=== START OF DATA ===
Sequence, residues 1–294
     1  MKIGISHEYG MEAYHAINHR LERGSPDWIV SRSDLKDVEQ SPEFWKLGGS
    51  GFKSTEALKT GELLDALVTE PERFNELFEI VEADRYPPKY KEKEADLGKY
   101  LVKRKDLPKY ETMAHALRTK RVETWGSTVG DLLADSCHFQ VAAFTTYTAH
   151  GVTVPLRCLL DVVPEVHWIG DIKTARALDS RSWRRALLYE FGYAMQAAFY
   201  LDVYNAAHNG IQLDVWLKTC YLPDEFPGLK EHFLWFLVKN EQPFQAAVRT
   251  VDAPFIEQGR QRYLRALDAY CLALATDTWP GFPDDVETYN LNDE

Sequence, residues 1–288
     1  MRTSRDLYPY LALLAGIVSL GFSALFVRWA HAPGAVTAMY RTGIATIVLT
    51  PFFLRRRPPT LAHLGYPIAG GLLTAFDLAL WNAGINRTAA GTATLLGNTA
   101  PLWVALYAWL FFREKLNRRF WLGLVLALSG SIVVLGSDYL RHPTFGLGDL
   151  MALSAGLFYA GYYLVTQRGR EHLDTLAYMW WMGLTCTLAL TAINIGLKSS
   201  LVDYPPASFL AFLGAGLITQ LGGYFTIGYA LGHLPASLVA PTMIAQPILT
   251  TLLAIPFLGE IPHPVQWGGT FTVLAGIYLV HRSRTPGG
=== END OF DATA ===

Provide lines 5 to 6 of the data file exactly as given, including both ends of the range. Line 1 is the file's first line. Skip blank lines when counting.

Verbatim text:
   151  GVTVPLRCLL DVVPEVHWIG DIKTARALDS RSWRRALLYE FGYAMQAAFY
   201  LDVYNAAHNG IQLDVWLKTC YLPDEFPGLK EHFLWFLVKN EQPFQAAVRT